The U.S. House of Representatives passed on May 22 a Senate-approved bill to ease federal restrictions on banks and reduce the cost of regulatory compliance. President Trump signed the legislation into law on May 24.
The Senate approved S. 2155, the Economic Growth, Regulatory Relief, and Consumer Protection Act, in March. House consideration of the bill was initially delayed by disagreements between the two chambers.
Congress and President Barack Obama imposed strict restrictions on banks and other financial institutions in 2010 in response to the 2008 economic crisis, including enactment of the Dodd-Frank Wall Street Reform and Consumer Protection Act, commonly referred to as Dodd-Frank.
Jay Richards, an assistant research professor in Catholic University’s Busch School of Business and Economics and a policy advisor for The Heartland Institute, which publishes Budget & Tax News, says Dodd-Frank worsened the problems it was supposed to solve.
“The Dodd-Frank Act solidified some of the causes that led to the financial crisis,” Richards said. “Rather than dealing with the root cause of the crisis, Congress actually turned the privately held, too-big-to-fail attitude into official policy.
“One of the factors that led to the financial crisis was that very large banks, especially government-sponsored enterprises like Fannie Mae and Freddie Mac, felt an implicit protection from the government,” Richards said. “After Dodd-Frank, we name institutions as systemically important. That is like a stamp by the U.S. government that says ‘too big to fail.’ It increases the incentives for banks to get larger and more protected.”
Exploding Compliance Costs
James Barth, a finance scholar at Auburn University, says Dodd-Frank has increased businesses’ operating costs without providing benefits to the public.
“Dodd-Frank increased the regulatory compliance costs for banks of all sizes,” said Barth. “For example, the CEO of Zions Bank testified before a congressional committee and told them he had to hire about 27 new employees to deal with the new regulations. The new employees were basically compliance people. Those people contribute to costs, but they don’t contribute to revenue, because they do not do anything with respect to serving customers. They are in the back offices trying to figure out how to comply with regulations.”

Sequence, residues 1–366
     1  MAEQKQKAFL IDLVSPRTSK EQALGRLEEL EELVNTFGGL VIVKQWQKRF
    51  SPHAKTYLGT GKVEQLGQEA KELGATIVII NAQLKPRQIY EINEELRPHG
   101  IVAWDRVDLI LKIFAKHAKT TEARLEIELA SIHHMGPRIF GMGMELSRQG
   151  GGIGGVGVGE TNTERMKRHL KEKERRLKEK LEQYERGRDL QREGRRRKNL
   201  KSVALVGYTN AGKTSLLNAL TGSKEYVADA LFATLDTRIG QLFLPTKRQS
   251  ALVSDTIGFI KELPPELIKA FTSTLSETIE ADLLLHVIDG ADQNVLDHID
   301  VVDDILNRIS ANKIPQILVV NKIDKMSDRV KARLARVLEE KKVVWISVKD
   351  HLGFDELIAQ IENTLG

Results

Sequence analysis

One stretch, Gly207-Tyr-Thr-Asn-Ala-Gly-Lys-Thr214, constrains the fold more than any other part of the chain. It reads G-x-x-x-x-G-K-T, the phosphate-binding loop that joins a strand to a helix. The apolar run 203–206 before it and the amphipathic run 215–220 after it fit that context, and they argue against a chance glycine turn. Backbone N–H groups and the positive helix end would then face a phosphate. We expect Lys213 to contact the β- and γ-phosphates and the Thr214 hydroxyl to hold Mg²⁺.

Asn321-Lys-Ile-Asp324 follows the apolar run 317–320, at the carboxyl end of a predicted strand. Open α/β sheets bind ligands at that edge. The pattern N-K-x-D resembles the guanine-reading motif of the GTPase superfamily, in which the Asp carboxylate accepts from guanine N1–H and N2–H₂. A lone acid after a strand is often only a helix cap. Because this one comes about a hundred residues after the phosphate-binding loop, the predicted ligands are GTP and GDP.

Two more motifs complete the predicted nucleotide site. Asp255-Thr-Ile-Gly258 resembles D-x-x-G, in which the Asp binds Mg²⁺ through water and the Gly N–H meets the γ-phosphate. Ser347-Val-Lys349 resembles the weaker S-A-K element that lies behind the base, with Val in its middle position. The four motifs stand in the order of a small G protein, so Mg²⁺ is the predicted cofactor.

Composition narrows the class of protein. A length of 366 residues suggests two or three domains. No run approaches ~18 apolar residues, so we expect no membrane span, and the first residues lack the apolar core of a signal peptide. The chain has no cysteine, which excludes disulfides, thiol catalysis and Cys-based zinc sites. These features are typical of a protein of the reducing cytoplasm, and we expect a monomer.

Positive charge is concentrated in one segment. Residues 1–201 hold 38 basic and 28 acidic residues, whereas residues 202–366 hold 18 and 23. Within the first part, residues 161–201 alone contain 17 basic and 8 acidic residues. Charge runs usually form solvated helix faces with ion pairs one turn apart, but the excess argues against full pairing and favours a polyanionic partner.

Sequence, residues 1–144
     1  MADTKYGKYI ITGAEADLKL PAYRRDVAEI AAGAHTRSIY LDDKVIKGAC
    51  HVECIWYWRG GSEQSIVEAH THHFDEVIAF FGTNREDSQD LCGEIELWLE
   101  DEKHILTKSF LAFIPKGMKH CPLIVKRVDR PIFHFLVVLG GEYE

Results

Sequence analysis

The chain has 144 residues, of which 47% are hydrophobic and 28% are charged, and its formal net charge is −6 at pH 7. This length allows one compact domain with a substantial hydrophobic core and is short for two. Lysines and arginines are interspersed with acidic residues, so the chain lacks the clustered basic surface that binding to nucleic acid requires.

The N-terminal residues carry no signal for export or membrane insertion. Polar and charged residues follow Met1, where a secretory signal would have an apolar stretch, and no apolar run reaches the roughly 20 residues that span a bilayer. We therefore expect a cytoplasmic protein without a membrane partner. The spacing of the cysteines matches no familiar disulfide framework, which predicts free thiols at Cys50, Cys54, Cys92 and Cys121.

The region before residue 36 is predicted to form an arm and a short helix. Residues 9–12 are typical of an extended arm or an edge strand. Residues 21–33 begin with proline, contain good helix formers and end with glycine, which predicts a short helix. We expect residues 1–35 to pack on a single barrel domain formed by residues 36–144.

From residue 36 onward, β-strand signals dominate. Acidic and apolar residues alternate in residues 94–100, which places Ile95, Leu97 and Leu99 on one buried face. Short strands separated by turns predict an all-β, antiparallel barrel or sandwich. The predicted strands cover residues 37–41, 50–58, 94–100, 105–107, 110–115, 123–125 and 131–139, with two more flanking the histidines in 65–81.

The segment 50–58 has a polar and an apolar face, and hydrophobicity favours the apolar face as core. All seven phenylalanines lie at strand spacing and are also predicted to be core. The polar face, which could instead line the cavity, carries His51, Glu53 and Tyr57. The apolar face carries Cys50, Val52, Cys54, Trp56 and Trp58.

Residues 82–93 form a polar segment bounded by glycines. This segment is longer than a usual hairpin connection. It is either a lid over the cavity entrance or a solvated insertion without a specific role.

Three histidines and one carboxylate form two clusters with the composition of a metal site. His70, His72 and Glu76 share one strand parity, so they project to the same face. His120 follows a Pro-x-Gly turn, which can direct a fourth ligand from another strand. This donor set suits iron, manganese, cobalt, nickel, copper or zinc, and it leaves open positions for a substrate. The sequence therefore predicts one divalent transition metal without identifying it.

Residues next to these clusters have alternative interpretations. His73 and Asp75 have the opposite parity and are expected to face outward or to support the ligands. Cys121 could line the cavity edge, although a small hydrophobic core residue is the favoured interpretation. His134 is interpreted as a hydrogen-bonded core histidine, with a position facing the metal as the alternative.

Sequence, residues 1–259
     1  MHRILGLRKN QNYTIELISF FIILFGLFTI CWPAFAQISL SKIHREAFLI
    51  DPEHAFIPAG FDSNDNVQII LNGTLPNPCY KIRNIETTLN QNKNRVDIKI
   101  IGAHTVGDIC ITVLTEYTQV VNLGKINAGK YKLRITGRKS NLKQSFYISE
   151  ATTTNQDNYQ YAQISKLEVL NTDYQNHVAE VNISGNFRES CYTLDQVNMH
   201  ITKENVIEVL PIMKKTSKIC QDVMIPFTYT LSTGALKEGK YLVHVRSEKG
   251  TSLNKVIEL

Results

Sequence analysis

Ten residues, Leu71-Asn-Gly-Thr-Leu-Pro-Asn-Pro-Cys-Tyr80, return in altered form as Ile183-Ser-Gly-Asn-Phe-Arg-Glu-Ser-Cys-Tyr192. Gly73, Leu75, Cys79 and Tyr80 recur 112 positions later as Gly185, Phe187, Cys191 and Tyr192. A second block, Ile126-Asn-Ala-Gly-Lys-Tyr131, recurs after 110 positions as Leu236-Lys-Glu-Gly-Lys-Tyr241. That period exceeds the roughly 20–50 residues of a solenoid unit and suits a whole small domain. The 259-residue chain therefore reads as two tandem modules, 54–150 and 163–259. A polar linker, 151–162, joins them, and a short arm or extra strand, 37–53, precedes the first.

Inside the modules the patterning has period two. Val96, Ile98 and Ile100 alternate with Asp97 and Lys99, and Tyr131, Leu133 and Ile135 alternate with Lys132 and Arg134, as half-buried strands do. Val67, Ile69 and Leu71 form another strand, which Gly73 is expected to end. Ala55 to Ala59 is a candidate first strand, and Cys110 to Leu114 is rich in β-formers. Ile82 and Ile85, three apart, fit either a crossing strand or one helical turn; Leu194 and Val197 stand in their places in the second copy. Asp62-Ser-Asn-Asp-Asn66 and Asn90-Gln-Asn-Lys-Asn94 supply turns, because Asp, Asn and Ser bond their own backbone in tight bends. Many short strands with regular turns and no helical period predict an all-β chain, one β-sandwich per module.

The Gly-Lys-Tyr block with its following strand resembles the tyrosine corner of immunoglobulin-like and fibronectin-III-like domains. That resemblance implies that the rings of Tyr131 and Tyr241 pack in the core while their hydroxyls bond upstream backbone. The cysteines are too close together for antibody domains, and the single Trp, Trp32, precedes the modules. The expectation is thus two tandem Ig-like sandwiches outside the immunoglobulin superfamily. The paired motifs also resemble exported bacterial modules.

Hitting the Customers
Barth says customers, not the banks, pay the costs of Dodd-Frank.
“Banks of all sizes had to hire more compliance people,” Barth said. “This is an additional cost imposed on the banks. Of course, banks are in business to make a profit, so they pass the costs on to the customers, through higher interest rates on loans, lower interest rates on deposits, or additional fees imposed on customers.
“By and large, customers were adversely affected by all of the new regulations banks had to comply with,” Barth said.
Richards says the Dodd-Frank compliance costs are forcing small financial institutions out of business, effectively promoting the interests of the biggest banks.
“Since the bill passed, a lot of smaller community banks have gone belly-up or sold out to larger banks,” Richards said. “It’s created an atmosphere where it is very uncompetitive to be a small community bank and very competitive to be a larger, more protected bank. Many of the silly practices that happened before the financial crisis, such as people getting loans with very little down [payment], are still happening.”
Editor’s Note: This article was published in cooperation with The Heartland Institute’s Budget & Tax News.
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